August 30, 2016


Trade a key issue for post-Brexit pork sector


By Agriculture & Horticulture Development Board


The UK's decision to leave the European Union will have far-reaching effects on the pork sector. The most immediate impact has come from the weakening of the pound, which has helped to push pig prices (and input prices) higher. In the longer-term, decisions about agricultural and environmental policy and movement of labour will also be influential.


However, perhaps the most important factor will be the UK's future trading relationships with the EU. Before examining what the future might hold, it is worth reviewing the current EU arrangements for trade in pig meat. Trade between the UK and other EU countries is largely

unrestricted under the single market. However, it's a very different story for pork entering the EU from outside.


Pig meat imports from outside the EU, apart from offal, are subject to sizeable import tariffs, ranging from 39p to 131p, depending on cut or product. The high level of these tariffs effectively means that most imported pork is uncompetitive on the EU market, even though production costs and wholesale prices are lower in other exporting countries such as the US, Canada and Brazil. Tariffs are not the only thing limiting imports, though. Sanitary and Phytosanitary (SPS) measures, such as the widespread use of Ractopamine, are also an issue.


Nevertheless, without tariffs, products from these countries would undoubtedly reach the EU (and the UK) and would drive prices for domestic pork down. Although the impact may be mitigated if retailers were unwilling to sell non-EU pork, it would still find buyers in foodservice or manufacturing, displacing EU pork from these markets.


So, how will Brexit change the situation? The truth is, we don't know yet. However, AHDB's recent Horizon Reportidentifies various options for the UK's trading relationship with the EU in the future. At one end of the scale, the UK may remain a part of the single market or, at least, the EU Customs Union. In these cases, existing EU tariffs will remain in place and goods may still be able to move freely between the UK and EU. In other words, little may change.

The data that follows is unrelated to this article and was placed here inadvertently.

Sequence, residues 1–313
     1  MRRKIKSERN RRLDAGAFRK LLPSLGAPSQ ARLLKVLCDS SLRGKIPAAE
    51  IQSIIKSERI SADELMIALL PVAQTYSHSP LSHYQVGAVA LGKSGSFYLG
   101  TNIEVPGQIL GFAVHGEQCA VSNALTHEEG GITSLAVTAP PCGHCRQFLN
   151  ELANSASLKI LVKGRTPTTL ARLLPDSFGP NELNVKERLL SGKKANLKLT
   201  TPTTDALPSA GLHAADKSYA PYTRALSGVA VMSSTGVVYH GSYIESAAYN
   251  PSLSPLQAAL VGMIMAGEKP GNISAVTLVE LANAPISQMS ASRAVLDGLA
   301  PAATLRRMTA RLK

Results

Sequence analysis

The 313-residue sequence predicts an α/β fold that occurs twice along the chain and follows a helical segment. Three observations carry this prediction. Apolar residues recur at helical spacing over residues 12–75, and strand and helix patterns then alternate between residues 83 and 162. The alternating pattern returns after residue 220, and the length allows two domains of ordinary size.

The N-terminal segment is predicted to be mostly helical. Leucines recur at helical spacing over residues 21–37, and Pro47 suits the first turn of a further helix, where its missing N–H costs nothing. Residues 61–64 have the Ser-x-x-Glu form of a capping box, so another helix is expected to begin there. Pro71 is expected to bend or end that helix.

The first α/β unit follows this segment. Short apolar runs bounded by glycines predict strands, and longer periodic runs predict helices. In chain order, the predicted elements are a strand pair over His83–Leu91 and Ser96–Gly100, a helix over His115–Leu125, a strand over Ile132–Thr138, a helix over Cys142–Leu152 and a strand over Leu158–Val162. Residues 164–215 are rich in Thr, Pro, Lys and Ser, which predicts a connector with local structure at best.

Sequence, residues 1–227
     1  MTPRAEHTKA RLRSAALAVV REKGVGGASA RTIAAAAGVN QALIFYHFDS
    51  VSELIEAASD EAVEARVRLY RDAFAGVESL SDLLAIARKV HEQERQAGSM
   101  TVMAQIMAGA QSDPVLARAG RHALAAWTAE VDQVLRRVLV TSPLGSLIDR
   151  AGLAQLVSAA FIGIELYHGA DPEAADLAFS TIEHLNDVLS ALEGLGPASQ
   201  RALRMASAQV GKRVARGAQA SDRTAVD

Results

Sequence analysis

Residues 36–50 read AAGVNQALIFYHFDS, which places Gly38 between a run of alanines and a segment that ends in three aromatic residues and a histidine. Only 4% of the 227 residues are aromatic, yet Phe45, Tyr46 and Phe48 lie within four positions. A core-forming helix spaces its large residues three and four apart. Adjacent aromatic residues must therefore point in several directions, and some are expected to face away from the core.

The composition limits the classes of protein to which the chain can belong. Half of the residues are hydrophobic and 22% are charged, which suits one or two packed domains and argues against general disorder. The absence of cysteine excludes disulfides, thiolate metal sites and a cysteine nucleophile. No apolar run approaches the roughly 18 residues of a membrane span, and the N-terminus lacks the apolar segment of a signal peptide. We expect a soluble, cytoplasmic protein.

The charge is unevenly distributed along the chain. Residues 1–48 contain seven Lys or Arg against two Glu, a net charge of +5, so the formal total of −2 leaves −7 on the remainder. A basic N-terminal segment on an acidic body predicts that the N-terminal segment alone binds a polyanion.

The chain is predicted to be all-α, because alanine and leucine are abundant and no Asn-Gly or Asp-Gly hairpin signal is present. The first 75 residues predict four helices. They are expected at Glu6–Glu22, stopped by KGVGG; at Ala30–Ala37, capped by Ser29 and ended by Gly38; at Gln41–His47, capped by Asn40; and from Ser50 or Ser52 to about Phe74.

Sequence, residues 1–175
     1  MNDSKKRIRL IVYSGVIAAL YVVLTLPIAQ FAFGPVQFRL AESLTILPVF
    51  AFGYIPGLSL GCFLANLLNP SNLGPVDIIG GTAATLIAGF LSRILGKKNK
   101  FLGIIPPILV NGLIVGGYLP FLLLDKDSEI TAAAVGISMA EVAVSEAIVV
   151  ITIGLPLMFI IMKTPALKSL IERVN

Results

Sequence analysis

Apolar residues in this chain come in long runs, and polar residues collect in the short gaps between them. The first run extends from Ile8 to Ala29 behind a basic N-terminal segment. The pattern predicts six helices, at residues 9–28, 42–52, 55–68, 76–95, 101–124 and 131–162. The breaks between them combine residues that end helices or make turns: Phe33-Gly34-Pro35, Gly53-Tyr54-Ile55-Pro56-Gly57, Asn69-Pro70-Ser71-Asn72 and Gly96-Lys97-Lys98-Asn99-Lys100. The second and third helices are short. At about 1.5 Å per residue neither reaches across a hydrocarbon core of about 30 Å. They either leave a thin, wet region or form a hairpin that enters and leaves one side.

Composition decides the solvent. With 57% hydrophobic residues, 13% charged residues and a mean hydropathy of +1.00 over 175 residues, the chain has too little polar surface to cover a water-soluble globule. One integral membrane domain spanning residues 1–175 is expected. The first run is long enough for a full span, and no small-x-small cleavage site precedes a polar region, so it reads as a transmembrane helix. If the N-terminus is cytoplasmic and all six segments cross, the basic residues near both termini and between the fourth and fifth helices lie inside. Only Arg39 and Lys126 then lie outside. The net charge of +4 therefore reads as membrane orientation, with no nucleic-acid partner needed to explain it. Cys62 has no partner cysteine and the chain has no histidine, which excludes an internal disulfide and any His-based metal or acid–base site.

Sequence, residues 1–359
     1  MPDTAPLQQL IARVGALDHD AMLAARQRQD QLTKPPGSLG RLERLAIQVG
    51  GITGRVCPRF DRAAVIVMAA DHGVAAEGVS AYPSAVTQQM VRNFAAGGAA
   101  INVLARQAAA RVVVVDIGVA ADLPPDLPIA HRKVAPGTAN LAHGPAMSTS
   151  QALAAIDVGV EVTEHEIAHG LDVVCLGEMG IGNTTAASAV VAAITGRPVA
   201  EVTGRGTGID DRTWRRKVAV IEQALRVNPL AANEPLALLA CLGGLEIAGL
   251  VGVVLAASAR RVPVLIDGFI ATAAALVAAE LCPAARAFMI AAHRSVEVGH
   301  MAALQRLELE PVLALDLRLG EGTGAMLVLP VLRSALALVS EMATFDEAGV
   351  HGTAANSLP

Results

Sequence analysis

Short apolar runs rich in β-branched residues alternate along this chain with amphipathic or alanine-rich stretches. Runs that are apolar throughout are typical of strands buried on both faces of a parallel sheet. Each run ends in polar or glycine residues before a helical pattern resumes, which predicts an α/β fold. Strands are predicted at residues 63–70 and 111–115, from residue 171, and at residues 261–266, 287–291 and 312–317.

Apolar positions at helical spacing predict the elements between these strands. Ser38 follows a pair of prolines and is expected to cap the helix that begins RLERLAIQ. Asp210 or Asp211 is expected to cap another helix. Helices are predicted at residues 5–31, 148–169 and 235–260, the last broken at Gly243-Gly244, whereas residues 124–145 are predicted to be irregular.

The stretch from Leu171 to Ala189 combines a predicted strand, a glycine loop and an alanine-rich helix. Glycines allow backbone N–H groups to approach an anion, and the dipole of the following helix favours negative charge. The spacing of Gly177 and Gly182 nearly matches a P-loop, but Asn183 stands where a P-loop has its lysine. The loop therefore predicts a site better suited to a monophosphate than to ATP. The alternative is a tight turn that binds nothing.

However, these options will probably come with strings attached, for example around free movement of labour, which may be unpalatable to the UK government. Therefore, a different kind of trade deal may be required. The problem is that agreements of this kind normally take

many years to negotiate and so no deal may be in place when the UK leaves the EU.


In that case, UK exports will be subject to the same EU import tariffs as other countries with no trade agreement, at least until a deal is agreed. In other words, UK exports to the EU could become uncompetitive. Given that 74% of pork exports are to the EU (or at least are routed through it), this could have a dramatic impact on the UK industry. A particular concern will be over exports of sow carcases, which would be subject to a tariff of 45p/kg. This could mean cull sows have little or no value, hitting producer returns and effectively raising the cost of producing piglets.


In this situation, the UK may decide to impose its own tariffs on imports from the EU. If these were at similar levels to the EU tariffs, this could mean much less imported pork reaching the UK and whatever does being significantly more expensive. This could lead to higher pig prices.

However, it would also mean higher prices for consumers, which may be politically unacceptable.


Therefore, there is a chance that the UK will choose to have lower tariffs or even remove them completely. In that case, the new rates would automatically apply to imports from outside the EU too. This could lead to lower pig prices, affecting the long-term sustainability of UK pig production.


It is clear that the outcome of trade negotiations will be crucial to the pig industry.


Further analysis of the implications for pork and other agricultural sectors will be published in September by AHDB and the situation will be kept under review as more information becomes available.